Mortgage rates are falling this morning, approaching the lows of the year; even the lowest-fee 30-year loans are down to 6 percent right now. The 10-year T-note’s decisive break below 4.53 percent — the floor since September — to 4.41 percent this morning could easily pull mortgages into the high fives.

Mortgage rates are falling this morning, approaching the lows of the year; even the lowest-fee 30-year loans are down to 6 percent right now. The 10-year T-note’s decisive break below 4.53 percent — the floor since September — to 4.41 percent this morning could easily pull mortgages into the high fives.

The drop in rates began in an odd way over Thanksgiving, simultaneous with a decline in the value of the dollar versus the euro. Peculiar in three ways: American markets were holiday-quiet; there were no new economic data; and dollar declines often result in foreign sales of bonds and higher interest rates here. Then the pattern came clear: the currency market is betting on a rather harder than softer landing for the American economy versus European strength, Fed easing ahead, and those lower rates here making the dollar less attractive versus the euro.

This week’s economic data fit the classic slowdown sequence: the economy is slowing, slowing broadly now, but the Fed still has an inflation problem on its hands and does not dare to cut rates with the unemployment rate under 4.5 percent — nor under 5 percent, for that matter. Federal Reserve Chairman Ben Bernanke appears to have hit the timing and extent of rate increases on the nose (despite protestations of too soon, too easy among old-timers here and elsewhere), but the harder part is how long to stay inflation-tight, risking the economy. The longer the Fed has to stay put in fear of inflation, the more deeply the economy can slow in the meantime, which is your average bond trader’s dream for Christmas.

The biggest push to lower rates came this morning with the drop in the purchasing managers’ index into contraction territory at 49.5 (a reading below 50 reflects contraction, 45 is the recession level). The internal, future-looking aspects were even weaker, except for a rise in the prices-paid component, which confirmed the Fed’s inflation box. Other data were similarly weak: orders for durable goods crashed in October, and home sales continued their gentle decline, unsold inventory rising to the seven-month-supply mark.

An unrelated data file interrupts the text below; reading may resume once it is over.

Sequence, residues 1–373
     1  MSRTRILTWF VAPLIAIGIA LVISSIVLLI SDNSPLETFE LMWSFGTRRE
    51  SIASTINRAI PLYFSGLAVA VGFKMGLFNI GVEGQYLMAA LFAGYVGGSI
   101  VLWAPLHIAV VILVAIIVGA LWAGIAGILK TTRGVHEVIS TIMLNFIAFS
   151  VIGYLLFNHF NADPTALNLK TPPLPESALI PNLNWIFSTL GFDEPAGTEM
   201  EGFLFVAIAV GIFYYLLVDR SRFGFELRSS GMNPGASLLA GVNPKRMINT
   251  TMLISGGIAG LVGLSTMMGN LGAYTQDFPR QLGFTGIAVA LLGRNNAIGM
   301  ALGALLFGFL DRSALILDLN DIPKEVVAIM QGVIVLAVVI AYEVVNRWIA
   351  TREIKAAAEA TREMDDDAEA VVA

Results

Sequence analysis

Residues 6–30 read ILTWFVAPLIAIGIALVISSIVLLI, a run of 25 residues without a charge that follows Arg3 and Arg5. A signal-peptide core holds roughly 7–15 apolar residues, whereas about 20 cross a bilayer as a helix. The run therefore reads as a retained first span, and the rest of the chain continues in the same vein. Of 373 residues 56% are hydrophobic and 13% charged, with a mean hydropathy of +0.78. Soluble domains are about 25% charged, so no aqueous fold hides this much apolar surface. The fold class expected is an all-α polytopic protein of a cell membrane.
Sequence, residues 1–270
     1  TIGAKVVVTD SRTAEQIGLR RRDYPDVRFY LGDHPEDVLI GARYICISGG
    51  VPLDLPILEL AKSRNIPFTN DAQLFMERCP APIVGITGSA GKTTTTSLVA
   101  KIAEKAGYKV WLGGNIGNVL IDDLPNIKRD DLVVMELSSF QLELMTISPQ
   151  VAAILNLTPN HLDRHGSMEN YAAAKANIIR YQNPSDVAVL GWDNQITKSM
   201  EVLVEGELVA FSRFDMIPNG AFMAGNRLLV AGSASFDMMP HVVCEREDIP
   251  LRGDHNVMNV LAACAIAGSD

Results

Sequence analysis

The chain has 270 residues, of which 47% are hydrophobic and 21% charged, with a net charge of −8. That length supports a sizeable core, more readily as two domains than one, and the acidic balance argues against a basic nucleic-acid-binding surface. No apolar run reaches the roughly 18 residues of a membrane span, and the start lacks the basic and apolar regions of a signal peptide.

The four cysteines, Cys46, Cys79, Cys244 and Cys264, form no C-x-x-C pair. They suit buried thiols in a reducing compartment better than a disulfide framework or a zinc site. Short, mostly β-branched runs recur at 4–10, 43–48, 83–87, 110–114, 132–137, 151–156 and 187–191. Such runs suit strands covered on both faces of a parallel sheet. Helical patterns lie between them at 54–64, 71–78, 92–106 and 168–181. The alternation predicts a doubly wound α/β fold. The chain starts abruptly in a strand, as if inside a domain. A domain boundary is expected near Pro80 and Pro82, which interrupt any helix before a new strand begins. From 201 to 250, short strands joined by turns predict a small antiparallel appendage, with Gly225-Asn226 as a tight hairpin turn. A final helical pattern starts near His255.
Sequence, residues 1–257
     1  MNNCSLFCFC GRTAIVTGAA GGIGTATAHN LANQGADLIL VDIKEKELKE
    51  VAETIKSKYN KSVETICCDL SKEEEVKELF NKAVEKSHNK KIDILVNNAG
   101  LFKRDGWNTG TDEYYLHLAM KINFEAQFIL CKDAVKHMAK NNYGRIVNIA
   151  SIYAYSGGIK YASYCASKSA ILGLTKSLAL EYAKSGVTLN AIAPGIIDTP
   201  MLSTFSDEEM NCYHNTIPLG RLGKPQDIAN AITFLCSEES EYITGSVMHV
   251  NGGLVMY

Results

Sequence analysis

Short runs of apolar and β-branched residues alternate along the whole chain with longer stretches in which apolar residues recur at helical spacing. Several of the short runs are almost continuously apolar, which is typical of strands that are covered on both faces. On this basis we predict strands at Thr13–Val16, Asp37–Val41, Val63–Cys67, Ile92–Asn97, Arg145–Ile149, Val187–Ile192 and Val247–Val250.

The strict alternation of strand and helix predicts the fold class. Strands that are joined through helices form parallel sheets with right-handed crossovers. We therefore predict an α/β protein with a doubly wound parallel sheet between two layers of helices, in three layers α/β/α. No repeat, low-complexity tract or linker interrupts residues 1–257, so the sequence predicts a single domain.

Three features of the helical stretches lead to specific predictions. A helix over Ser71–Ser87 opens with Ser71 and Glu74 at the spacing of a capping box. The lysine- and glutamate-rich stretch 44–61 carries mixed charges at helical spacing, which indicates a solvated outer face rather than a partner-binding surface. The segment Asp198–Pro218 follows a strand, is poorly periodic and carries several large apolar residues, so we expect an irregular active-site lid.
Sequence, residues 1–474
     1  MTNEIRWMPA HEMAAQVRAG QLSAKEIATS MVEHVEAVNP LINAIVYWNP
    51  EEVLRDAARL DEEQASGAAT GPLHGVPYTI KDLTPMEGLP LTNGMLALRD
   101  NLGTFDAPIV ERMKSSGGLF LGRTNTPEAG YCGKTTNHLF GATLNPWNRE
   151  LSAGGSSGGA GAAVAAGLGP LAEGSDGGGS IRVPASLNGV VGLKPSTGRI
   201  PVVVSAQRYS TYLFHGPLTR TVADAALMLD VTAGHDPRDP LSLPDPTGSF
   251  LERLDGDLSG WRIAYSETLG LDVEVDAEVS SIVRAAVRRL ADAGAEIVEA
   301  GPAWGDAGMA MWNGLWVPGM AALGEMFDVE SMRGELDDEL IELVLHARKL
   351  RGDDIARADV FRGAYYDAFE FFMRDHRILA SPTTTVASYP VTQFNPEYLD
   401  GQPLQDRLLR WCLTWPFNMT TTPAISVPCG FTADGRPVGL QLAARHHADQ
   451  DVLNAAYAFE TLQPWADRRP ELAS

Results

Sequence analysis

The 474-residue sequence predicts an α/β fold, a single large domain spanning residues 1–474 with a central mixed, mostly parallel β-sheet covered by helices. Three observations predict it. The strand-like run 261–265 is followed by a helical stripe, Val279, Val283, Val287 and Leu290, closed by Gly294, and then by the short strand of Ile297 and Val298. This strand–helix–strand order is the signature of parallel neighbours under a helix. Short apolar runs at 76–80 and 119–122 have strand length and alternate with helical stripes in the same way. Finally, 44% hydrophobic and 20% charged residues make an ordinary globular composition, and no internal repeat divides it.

The third-quarter OFHEO home-price numbers describe price appreciation going flat in most markets, and very modest declines (less than 1 percent annualized) in “bubble zones.” Fifteen of 25 California cities went negative in the third quarter. However, real pain is confined to regions with economic distress, Michigan in the unfortunate lead with the first statewide price decline in any state in a half-dozen years.

I continue to believe that a worsening economy might take housing from flat to trouble, but housing will not deteriorate on its own into a blown-“bubble” unless mortgage defaults cause a withdrawal of credit. Delinquencies on subprime loans have roughly doubled in the last year, and that deterioration is the thing to study, not all the “bubble” screeching from nouveau housing experts (otherwise fine economists Robert Schiller and Gary Schilling at the top of the shill list).

The key to a deeper decline in rates: next Friday’s report of November payrolls. In any economic slowdown the job market is the last element to crack, and this week brought signs of both its 2006 strength and possible cracking. The Fed’s “beige book” mentioned outsize growth in wages in very tight parts of the skilled-labor workforce just before news of an over-Thanksgiving surge in new applicants for unemployment insurance.

Financial markets have not reacted to the slow deterioration of Iraq into civil war, and understandably. Drivers will slow to stare at a car accident, but nobody wants to watch this. Got to pay attention, now. Events are moving faster than policy can, and if/when the regional lid comes off, market consequences will follow, oil first, rates and economy in train.

Lou Barnes is a mortgage broker and nationally syndicated columnist based in Boulder, Colo. He can be reached at lbarnes@boulderwest.com.

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